Germany Introduces Reduced Work Week, Help Businesses

By Ilya Rzhevskiy, Epoch Times
December 8, 2008 Updated: December 8, 2008

MUNICH—The eurozone is experiencing a recession for the first time since the adoption of euro. Germany is one of the many European Union nations that sunk into recession during the third quarter.

Many German companies are in financial crisis and as a result are laying off some of its workforce.

Companies such as state bank BayernLB, automakers Daimler AG and Opel GmbH and semiconductor manufacturer Infineon Technologies are all experiencing challenging economic situations, leading them to cut costs by laying off personnel.

One of the most recent major job cuts announcement came from BayernLB. It projects to cut 5,600 jobs within the next 5 years. This move would help it to cut costs by $850 million, the company estimated.

To keep as many people employed as possible, the German government introduced a state-sponsored reduced work-week program. The goal of this program is to avoid layoffs, while at the same time enabling the workers to get their full salaries.

Reduced work-week usually ranges from three to four full working days per week.  The company pays only for the actual amount of hours worked, and the government helps bridge, or pay for, the remaining compensation.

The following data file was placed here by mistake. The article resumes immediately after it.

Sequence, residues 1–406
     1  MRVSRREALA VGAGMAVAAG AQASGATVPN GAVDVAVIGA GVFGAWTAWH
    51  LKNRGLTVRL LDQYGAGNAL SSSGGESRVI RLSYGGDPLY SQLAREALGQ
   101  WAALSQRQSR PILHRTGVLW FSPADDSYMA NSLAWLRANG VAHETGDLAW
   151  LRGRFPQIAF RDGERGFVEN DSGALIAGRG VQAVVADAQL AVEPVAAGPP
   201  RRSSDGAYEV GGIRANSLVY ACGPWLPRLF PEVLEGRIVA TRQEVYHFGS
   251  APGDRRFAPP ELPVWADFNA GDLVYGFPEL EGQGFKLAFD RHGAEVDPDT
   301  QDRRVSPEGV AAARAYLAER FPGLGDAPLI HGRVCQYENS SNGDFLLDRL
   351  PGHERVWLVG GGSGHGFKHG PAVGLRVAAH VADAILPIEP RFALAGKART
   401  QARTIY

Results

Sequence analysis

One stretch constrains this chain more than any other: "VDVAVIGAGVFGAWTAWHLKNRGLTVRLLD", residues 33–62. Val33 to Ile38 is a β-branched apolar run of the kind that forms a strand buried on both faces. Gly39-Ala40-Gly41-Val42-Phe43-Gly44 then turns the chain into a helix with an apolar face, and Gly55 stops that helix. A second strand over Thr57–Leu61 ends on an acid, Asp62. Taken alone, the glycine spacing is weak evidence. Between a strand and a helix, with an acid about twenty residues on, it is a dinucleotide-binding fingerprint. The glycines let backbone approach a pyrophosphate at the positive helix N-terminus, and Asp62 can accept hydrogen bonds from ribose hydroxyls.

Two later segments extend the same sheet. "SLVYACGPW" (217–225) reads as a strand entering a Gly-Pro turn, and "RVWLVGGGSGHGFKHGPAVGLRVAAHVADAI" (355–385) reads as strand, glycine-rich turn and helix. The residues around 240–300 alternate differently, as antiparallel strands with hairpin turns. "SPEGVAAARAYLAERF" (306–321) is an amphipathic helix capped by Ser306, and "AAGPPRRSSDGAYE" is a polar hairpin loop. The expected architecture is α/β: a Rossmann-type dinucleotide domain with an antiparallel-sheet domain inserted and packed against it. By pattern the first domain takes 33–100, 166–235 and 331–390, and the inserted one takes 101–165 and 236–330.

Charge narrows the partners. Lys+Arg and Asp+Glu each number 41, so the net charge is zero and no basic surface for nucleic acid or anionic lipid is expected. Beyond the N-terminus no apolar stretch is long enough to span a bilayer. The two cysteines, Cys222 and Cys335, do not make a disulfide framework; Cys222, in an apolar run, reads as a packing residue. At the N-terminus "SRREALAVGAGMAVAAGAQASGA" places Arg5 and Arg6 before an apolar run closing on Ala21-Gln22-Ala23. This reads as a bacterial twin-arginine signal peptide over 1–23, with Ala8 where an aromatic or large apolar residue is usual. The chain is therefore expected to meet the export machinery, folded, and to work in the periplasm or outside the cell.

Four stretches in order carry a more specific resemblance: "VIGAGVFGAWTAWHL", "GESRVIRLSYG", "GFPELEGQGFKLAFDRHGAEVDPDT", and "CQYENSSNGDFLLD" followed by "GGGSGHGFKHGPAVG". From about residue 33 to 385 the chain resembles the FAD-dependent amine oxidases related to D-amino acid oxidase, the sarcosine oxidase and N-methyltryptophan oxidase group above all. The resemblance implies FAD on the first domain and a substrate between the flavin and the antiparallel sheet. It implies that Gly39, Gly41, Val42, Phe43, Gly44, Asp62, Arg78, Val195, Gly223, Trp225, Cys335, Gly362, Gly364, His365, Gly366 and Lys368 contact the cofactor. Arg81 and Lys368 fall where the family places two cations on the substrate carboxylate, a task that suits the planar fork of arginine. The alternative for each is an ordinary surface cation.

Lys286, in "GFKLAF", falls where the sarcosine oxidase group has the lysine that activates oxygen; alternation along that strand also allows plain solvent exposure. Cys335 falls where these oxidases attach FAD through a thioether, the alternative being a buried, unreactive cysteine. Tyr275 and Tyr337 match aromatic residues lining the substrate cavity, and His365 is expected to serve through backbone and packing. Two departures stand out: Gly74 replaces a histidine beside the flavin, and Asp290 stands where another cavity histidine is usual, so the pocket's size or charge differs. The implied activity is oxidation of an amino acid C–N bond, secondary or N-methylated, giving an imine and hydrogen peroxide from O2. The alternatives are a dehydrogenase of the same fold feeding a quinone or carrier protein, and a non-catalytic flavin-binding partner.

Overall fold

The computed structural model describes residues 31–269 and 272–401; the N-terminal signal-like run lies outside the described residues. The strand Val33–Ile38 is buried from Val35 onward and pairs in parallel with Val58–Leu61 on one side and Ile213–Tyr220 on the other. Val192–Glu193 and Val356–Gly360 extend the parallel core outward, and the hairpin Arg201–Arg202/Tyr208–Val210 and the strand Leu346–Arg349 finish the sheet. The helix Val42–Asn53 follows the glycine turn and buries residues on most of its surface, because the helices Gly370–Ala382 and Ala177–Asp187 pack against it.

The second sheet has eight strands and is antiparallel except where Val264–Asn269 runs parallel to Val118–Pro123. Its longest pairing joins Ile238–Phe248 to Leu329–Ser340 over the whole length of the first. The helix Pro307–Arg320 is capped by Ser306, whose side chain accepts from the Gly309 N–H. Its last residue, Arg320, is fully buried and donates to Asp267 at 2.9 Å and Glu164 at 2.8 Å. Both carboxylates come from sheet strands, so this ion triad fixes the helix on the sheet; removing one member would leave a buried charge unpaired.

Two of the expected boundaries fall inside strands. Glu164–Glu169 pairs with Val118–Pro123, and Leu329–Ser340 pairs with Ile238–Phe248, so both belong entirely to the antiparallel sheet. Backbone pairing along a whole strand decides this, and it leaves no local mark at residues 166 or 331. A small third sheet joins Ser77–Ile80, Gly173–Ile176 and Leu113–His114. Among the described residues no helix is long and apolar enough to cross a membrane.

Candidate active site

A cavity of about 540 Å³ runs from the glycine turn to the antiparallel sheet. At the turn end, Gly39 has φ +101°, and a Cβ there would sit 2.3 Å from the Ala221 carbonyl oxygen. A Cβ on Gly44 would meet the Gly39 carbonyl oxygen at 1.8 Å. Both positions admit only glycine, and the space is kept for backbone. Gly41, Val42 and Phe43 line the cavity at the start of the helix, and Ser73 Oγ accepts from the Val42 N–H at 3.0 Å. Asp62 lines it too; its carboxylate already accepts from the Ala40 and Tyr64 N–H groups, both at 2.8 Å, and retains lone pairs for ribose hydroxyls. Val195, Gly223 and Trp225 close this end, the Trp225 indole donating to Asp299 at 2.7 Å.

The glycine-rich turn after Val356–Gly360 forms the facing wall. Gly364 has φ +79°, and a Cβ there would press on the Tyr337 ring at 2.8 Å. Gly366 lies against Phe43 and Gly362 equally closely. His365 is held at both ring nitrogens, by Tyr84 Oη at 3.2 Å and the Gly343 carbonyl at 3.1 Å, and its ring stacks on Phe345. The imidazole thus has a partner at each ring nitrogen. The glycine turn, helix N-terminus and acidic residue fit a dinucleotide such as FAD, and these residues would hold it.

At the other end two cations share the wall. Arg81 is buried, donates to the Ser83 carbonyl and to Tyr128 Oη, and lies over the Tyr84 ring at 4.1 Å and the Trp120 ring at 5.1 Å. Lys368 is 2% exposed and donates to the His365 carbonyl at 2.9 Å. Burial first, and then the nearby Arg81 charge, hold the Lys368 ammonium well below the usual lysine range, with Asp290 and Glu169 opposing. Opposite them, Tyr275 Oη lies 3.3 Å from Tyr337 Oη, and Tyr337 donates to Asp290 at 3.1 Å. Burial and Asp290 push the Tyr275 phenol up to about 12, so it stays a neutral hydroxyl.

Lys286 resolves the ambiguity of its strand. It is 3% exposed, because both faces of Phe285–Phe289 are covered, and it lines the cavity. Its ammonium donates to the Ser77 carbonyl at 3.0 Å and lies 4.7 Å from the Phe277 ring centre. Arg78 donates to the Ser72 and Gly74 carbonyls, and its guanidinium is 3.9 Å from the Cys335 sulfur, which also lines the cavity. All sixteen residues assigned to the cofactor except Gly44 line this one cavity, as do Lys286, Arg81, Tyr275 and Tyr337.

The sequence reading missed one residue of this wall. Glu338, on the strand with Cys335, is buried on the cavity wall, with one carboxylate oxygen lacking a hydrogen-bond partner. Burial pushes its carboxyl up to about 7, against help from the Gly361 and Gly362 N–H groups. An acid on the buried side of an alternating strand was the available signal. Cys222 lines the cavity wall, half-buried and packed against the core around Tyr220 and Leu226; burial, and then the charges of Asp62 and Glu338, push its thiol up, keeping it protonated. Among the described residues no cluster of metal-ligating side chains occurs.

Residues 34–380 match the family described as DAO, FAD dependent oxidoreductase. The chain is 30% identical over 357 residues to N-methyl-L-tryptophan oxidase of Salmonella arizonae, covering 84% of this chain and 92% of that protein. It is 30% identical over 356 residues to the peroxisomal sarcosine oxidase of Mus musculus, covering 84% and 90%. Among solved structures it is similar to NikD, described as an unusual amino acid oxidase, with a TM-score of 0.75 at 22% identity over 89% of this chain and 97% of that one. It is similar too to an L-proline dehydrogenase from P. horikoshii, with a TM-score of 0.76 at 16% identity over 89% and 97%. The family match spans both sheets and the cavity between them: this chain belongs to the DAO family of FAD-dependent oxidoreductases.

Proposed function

Benefits of this program are visible to all sides. The company achieves the goal of saving on employee expenses without the need to cut staff. The government keeps the unemployment rate low. The employees get to keep their jobs, earn a full income, and also have more free time.

The reduced work-week program will be prolonged on January 1, 2009 from six to eighteen months.

Not every company is eligible. A company must show that it is experiencing a financial crisis, in which the only way out is to reduce employee costs.

Daimler, the car manufacturer that makes Mercedes-Benz vehicles, is one of the companies to implement reduced work-week program.

Four of Daimler’s factories will start a four-day work-week beginning in January 2009 until April, at the earliest. The factories together employ thousands of German workers.

Daimler hopes to emerge out of the crisis to coincide with the release of its new E-Class model, which debuts mid-2009.

“We have determined with our internal planning, that in the second half of 2009 we will reach the lowest point and from then on we will see positive tendencies,” said Dieter Zetsche, Daimler CEO.

By keeping its full workforce with the reduced work-week program, the company hopes to weather the economic storm and come out stronger.

Similar programs are in process at many other German companies already. The government chose to play an active role in helping to boost the economy by keeping the workforce engaged.

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